Lee said 28% of the land designated as national monuments in 40 states over the past 25 years is in Utah. Bears Ears and Grand Staircase added together are “larger than two Delawares.” He said the law limits the size of national monuments to the smallest area necessary to manage and care for the objects that need protection.

“Is that usually something that in one state it will be larger than two Delawares?” he asked.

Haaland said she’s jealous of the beautiful land in Utah and that she has visited Bears Ears. Lee interjected that the monument designation doesn’t make the land more beautiful.

“It does tend to make the communities that don’t support them impoverished, and that’s what concerns me,” Lee said.

In the letter to Biden, the Utah leaders say neither the original monument designations nor Trump’s reductions accomplished what they believe should be the most important goals for both the Biden administration and the state.

Those goals are to protect sensitive areas and cultural resources, including the use of law enforcement and educational resources to prevent irreparable damage, and provide long-term certainty and predictability for managing these lands.

“Changing the size of the monuments every four or eight years isn’t helpful for anyone who cares about the land, antiquities, and local communities,” they wrote.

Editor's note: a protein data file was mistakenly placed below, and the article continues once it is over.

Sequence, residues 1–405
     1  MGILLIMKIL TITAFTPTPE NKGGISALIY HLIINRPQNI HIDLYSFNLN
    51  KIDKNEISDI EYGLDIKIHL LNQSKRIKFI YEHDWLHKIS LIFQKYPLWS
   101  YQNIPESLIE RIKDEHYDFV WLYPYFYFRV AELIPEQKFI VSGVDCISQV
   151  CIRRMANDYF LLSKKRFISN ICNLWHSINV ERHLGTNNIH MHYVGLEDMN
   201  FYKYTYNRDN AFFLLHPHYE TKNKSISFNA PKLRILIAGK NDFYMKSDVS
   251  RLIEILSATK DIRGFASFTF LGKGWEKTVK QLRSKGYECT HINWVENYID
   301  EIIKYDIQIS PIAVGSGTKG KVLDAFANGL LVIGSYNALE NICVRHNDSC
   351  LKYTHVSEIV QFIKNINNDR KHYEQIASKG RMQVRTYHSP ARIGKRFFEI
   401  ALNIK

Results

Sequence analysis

Utah leaders say all options should be on the table to find a long-lasting, comprehensive solution that includes tribal involvement, local museums or interpretive sites and clarifying allowable uses such as where mineral development is and isn’t appropriate.

They say those can’t be accomplished by the Antiquities Act alone but require legislation in Congress.

“The consensus required for successful negotiation would prove an effective way to lower the temperature and allow for good faith progress on other challenges,” according to the letter.

Josh Ewing, executive director of Friends of Cedar Mesa — a pro-monument organization — told the Deseret news last month that there should be a legislative solution to the Bears Ears question.

“My hope is that the review is done thoughtfully with regard to the global significance of this area and how critical these resources are, and also with regard to how we may have permanent protection so that this is not a political football that gets tossed back and forth every four years,” he said.

“In order for there to be a permanent solution, it would need some sort of congressional compromise. I won’t speculate on what that compromise would look like. ... It is a deeply contentious issue so it would certainly not be easy to have something like that happen.”

The letter is signed by Lee, Sen. Mitt Romney, Utah Reps. Chris Stewart, John Curtis, Blake Moore and Burgess Owens, Gov. Spencer Cox, Lt. Gov. Deidre Henderson, House Speaker Brad Wilson, Senate President Stuart Adams and Attorney General Sean Reyes.

Those same leaders released a statement last month cautioning Biden that a review with predetermined results leading to an executive order enlarging the monuments’ boundaries would not solve the root of the problem and only deepen divisions in the country.